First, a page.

Various studies identified a positive correlation between the severity of inflammation of the periodontal tissues and an increased volume of GCF.[22],[23],[24] Other factors can also influence the rate of production of GCF and include endotoxins [22] and phagocytosis following trauma.[24] Many studies have been carried out on the correlation between the various conditions and factors that increase GCF volume,[6],[7],[8],[9],[14],[15],[16],[17],[18],[19],[20],[21],[22],[23],[24] with apparently no studies on the volume and its correlation with either malocclusion or systemic disease in our environment.

Studies by numerous authors [2],[3],[4],[5],[6],[23],[24],[25],[26],[27] measured the volume and rate of flow of GCF and various methods of collection [2],[3],[4],[5],[6] which include the use of absorbing paper strips or paper points, twisted threads placed around and into the sulcus, micropipettes, capillary tubes [25],[26],[27],[28] and intracrevicular washings.[29] Methods of collection could also be extracrevicular, intracrevicular superficial [23] or intracrevicular deep.[2],[4] The amount of fluid collected on a strip may be evaluated by staining with ninhydrin to make it more visible and measured plainmetrically on an enlarged photograph or with a magnifying glass or microscope.[2],[3],[4],[5] Alternatively, capillary tubes of known internal diameters can be used to obtain GCF and the volume of fluid obtained by capillary action estimated using the height of the fluid column and the volume from the internal diameter and the length of the tube.[25],[26] Studies have also shown that collections of large volumes of GCF are best collected with the capillary tube method.[25],[26],[27],[28] Excessive volumes of GCF from diseased sites can also be obtained using absorbent paper strips.[4] A review of the literature, however, did not reveal any study in our environment on methods of collection of GCF fluid in either normal or patients with systemic disease.

The amount of GCF fluid collected however varies and studies have demonstrated different volumes from different sites [25],[29],[30] and in different clinical conditions.[4] The sites identified for GCF collection include the labial aspects of crowded incisal teeth,[31],[32] interradicular and the mesial and distal aspects of teeth (interproximal sites).[33],[34] Volumes collected from these sites have ranged from 0.1 μl in slightly inflamed gingiva to 2.9 μl and above in clinical cases of periodontitis [25],[29],[30],[31],[32],[33],[34] which may be as a result of the systemic disease.

This study aimed to evaluate whether blood pressure and blood sugar affects GCF volume in adult females with malocclusion in Benin City, Nigeria.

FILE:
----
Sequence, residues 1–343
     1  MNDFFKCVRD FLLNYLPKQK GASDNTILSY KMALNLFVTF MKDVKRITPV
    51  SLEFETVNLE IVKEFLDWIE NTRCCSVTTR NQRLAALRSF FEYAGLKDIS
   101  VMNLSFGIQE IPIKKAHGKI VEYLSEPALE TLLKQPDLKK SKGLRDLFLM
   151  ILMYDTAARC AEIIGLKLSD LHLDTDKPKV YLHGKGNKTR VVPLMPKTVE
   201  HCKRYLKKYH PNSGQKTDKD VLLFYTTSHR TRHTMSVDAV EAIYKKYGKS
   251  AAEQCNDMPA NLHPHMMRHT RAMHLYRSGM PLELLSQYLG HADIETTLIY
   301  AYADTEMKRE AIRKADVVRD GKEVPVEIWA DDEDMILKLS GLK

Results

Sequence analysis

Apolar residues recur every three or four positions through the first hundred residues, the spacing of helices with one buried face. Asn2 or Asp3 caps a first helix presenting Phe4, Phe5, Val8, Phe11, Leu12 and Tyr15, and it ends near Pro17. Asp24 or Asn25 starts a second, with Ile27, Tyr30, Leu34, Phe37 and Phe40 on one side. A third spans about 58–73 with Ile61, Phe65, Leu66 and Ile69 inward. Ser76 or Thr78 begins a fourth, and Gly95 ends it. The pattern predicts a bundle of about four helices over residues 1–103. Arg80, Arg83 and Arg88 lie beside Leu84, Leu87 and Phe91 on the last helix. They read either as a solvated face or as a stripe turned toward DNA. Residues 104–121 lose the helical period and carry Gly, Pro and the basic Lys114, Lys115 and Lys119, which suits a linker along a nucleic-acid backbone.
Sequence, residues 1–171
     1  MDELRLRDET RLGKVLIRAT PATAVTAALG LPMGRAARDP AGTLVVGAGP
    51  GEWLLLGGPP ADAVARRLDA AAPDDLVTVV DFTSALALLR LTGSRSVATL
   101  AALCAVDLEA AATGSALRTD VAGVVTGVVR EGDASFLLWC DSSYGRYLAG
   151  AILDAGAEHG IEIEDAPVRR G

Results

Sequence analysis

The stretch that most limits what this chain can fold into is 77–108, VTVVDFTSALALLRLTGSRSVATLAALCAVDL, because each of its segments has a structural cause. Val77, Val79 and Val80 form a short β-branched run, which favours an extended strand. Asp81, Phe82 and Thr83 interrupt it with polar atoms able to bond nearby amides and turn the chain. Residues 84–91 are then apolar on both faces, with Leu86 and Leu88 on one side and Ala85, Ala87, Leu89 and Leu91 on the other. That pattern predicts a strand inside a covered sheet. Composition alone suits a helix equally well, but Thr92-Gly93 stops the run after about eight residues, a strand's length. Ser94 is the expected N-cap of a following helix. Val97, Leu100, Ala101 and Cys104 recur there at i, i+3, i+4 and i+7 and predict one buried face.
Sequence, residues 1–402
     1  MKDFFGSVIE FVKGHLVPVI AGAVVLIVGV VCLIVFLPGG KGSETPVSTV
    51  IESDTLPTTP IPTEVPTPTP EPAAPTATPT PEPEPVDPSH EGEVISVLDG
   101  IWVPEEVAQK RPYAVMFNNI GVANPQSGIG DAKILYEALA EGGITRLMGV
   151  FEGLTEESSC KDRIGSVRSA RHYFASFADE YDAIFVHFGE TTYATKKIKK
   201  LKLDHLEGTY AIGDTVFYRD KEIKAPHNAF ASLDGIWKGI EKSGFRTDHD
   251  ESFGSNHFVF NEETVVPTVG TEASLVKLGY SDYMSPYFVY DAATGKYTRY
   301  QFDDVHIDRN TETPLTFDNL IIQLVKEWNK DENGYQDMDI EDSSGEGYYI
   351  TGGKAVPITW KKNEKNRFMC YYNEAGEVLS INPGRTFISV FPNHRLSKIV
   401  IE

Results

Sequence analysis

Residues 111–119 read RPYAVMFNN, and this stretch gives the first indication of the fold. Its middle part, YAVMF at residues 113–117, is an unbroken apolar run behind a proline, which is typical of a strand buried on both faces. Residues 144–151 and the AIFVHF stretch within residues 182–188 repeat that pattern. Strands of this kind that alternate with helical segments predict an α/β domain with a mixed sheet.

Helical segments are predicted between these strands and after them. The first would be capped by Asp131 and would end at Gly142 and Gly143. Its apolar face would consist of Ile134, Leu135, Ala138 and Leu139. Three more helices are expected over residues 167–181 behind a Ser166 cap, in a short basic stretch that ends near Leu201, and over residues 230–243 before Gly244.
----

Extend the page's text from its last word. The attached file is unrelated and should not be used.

Methods Top

A total of 152 adult females aged 26–65-years, were selected from participants who attended a Church Medical Outreach programme in Benin City Nigeria and who met the following inclusion criteria:

  1. Good general health
  2. Positive or negative history of systemic disease
  3. Mobile teeth of grade 2 mobility and less
  4. No history of smoking
  5. No food or drink at least 12 h before examination
  6. No prior orthodontic treatment
  7. No prior use of medication at least 4 weeks before examination
  8. No prior treatment for high blood pressure
  9. No prior treatment for elevated blood glucose levels
  10. No restoration or prosthesis on the selected tooth.

Written and informed consent was obtained from women who agreed to have their blood sugar and blood pressure tested as well as their mouths examined, respectively. Ethical clearance was also obtained from the University of Benin Teaching Hospital Ethics Committee. All information and results were entered into a pre-structured pre-tested questionnaire.

Malocclusion was divided into crowding, spacing and anterior open bite.

  • Crowding: Was defined as overlapping or deflection of erupted permanent teeth limited to the anterior segments of the mandible
  • Spacing: Was determined if there was no approximal contact between the lower anterior teeth with a range of 2 mm or more within a segment. Spacing resulting from extractions was not considered as spacing
  • Anterior open bite: Was determined if there was an actual vertical gap between the upper and lower incisors with the jaw in centric occlusion.

Blood pressure was classified as listed below:

  • 120/80 mmHg and below - Normal
  • 121–139/81–89 - Pre-hypertension
  • 140–159/90–99 - Hypertension
  • 160/100 and above - Malignant hypertension

Blood sugar was also classified as listed below:

  • 79 mg/dl and below - Normal
  • 80–120 mg/dl - Elevated blood sugar
  • 121 mg/dl and above - Diabetes.

Oral hygiene status was assessed and classified using the simplified oral hygiene index of Greene and Vermillion [35] as listed below:

  • Good - 0.0–1.3
  • Fair - 1.4–3.0
  • Poor - 3.1–6.0.

Probing pocket depth was measured using the WHO probe and classified as follows:

  • 1–3 mm - clinically healthy
  • >4 mm - Periodontal pocket.

The clinical examination was carried out between 7 am and 10 am on the same day by a team of calibrated examiners (two dental surgeons for the oral examination) and six trained nurses using the same brand of blood pressure equipment (Omron M2®) and glucometer (Finetest Autocoding™ Premium). No examination and test were carried out after 10 am and only women who were fasting were included in the study. A total number of 298 women were available but after the inclusion criteria were applied, a total sample size of 152 was obtained.